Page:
• Apple component suppliers are also under pressure to comply with the company's stated (and proved) commitment to improving working conditions for staff. That's an extra cost when doing business with Apple, one that also has the effect of putting the supplier's working conditions under public scrutiny.

Samsung's advantages include:

  • Samsung makes most of its components in-house.
  • The company is under no significant public/media pressure to improve working practices. Criticism of working conditions in its factories exists, but as a non-US firm with strong ties to its own government, the company is under zero pressure to improve. This means neither it nor its component suppliers are being tasked with delivering better working conditions.
  • This helps Samsung keep its products cheap -- albeit at a hidden (though unproven) cost of suffering you won't see detailed in its product marketing videos. The company's massive market share means Samsung can deliver enormous orders to component suppliers, but with 80 percent of these being made in-house, it can afford to be a little more generous (than Apple) in its external deals.

"The next round of the post-patent battle for them will be over component supplies," Lee Sun-tae, an analyst at NH Investment & Securities told Reuters. "Who wins access to the best performing components in class in large quantity - that's the key ... and explains why Samsung is shopping for components more than ever."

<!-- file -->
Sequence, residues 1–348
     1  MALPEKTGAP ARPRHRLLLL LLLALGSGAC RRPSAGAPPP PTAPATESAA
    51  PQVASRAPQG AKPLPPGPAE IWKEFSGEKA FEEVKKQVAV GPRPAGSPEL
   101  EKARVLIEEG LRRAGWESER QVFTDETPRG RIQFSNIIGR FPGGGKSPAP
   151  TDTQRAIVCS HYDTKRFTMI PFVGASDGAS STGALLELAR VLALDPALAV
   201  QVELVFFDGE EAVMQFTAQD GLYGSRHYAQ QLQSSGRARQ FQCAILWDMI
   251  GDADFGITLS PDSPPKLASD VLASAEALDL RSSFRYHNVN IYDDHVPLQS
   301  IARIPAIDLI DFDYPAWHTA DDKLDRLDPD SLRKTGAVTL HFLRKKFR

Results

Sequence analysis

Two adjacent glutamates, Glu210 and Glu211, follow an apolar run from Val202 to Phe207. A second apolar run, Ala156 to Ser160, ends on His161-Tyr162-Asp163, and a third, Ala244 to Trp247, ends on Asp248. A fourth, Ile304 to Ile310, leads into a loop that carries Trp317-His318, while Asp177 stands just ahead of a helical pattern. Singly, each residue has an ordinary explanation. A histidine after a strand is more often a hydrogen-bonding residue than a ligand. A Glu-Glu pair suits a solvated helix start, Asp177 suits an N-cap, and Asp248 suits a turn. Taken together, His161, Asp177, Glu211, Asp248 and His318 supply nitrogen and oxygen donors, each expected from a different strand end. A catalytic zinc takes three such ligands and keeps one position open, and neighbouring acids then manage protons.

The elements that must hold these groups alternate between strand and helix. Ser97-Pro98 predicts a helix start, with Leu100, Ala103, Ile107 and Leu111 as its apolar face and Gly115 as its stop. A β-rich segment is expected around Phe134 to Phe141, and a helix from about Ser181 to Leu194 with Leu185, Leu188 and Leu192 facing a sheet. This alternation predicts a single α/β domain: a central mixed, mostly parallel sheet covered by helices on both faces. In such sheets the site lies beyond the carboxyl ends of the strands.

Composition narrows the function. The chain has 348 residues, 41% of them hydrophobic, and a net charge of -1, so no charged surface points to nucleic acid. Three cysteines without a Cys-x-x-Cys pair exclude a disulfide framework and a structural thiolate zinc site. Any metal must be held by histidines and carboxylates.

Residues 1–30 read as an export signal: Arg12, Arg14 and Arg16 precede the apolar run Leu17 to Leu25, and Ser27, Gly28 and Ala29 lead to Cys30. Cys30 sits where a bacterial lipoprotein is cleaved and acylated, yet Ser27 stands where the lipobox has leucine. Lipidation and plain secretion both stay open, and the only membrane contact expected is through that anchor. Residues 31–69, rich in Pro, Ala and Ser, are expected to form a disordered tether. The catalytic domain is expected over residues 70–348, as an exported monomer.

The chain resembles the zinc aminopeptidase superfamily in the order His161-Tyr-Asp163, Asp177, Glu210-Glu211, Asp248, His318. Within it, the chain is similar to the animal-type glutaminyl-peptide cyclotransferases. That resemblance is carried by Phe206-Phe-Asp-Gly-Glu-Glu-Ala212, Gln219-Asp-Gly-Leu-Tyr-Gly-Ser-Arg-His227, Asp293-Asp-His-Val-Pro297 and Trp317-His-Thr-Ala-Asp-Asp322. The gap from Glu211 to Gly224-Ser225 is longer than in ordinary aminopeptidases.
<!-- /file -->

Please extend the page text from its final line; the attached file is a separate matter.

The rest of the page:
Of course, those companies Samsung does choose to shop with will be a little cautious, as they know they are doing business with a firm that competes with them in component supply in their value chain. Apple may be able to exploit this by illustrating the competitive behavior of its former partner in the courts. It's hard to do business when your integrity is on trial. Though that particular sword cuts both ways.

Apple is a software company

Apple does have one significant advantage in comparison to all its Android rivals (with the possible exception of Motorola Mobility, now owned by Google): software.

It has been developing operating systems since its inception. It has been developing software applications across its history. Its hardware acts as the perfect equipment on which to run its software. This approach helps Apple deliver operating systems micro-managed to run the software at maximum efficiency.

Software is everything. It is the user experience. It is the way in which a user handles and relates to their device. It is things working in a clear and logical way, and not working at all. It's the glue that makes a product good, or bad, to use. The next big test for Apple in this will be public reception to iOS7 when it is demonstrated at WWDC next month.

Brown also observes that in comparison with Google, Apple is a comparative minnow in services. That's true, but it dismisses those services Apple does offer, which include iCloud, Siri, iTunes and more. These are pretty popular, but the jury is out pending the presentation of new evidence as to how well Apple's services ecosystem will mature. Apple needs a killer app to match Gmail, Google Maps or Google Search.

It is perhaps to create compelling Web-based services that Apple is in talks with Yahoo! Maybe something will come of these, maybe they won't, but the fact remains that the company must somehow find a way to twin its software skills with future services.

However, Brown's argument that the battle for smartphone ascendancy is over is unrealistic. There's multiple tangents in which Apple -- or, indeed, another firm, can fight back. 

Got a story? Drop me a line via Twitter or in comments below and let me know. I'd like it if you chose to follow me on Twitter so I can let you know when these items are published here first on Computerworld.